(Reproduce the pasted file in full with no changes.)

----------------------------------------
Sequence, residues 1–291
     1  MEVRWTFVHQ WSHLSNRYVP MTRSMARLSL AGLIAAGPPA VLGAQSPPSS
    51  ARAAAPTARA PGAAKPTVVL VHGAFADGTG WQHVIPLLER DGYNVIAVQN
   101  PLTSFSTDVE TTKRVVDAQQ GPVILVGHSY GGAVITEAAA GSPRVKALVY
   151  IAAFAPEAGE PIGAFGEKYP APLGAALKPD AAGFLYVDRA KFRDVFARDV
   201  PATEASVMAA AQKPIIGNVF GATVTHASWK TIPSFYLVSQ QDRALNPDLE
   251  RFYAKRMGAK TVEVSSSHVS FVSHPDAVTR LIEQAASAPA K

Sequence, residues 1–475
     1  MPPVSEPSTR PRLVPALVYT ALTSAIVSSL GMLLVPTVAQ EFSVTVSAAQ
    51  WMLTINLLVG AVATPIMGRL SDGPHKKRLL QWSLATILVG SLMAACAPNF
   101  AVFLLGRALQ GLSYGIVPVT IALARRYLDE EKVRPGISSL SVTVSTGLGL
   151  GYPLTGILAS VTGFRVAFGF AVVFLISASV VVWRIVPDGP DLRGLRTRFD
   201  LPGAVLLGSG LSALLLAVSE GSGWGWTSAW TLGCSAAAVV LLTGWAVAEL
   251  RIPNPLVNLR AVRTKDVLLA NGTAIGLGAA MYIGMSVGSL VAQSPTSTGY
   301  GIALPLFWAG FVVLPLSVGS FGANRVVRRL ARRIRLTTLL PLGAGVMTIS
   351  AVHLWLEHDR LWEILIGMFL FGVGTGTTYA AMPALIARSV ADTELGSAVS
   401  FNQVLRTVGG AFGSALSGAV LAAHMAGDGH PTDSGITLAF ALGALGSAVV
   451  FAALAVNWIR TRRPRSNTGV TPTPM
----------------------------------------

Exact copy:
Sequence, residues 1–291
     1  MEVRWTFVHQ WSHLSNRYVP MTRSMARLSL AGLIAAGPPA VLGAQSPPSS
    51  ARAAAPTARA PGAAKPTVVL VHGAFADGTG WQHVIPLLER DGYNVIAVQN
   101  PLTSFSTDVE TTKRVVDAQQ GPVILVGHSY GGAVITEAAA GSPRVKALVY
   151  IAAFAPEAGE PIGAFGEKYP APLGAALKPD AAGFLYVDRA KFRDVFARDV
   201  PATEASVMAA AQKPIIGNVF GATVTHASWK TIPSFYLVSQ QDRALNPDLE
   251  RFYAKRMGAK TVEVSSSHVS FVSHPDAVTR LIEQAASAPA K

Sequence, residues 1–475
     1  MPPVSEPSTR PRLVPALVYT ALTSAIVSSL GMLLVPTVAQ EFSVTVSAAQ
    51  WMLTINLLVG AVATPIMGRL SDGPHKKRLL QWSLATILVG SLMAACAPNF
   101  AVFLLGRALQ GLSYGIVPVT IALARRYLDE EKVRPGISSL SVTVSTGLGL
   151  GYPLTGILAS VTGFRVAFGF AVVFLISASV VVWRIVPDGP DLRGLRTRFD
   201  LPGAVLLGSG LSALLLAVSE GSGWGWTSAW TLGCSAAAVV LLTGWAVAEL
   251  RIPNPLVNLR AVRTKDVLLA NGTAIGLGAA MYIGMSVGSL VAQSPTSTGY
   301  GIALPLFWAG FVVLPLSVGS FGANRVVRRL ARRIRLTTLL PLGAGVMTIS
   351  AVHLWLEHDR LWEILIGMFL FGVGTGTTYA AMPALIARSV ADTELGSAVS
   401  FNQVLRTVGG AFGSALSGAV LAAHMAGDGH PTDSGITLAF ALGALGSAVV
   451  FAALAVNWIR TRRPRSNTGV TPTPM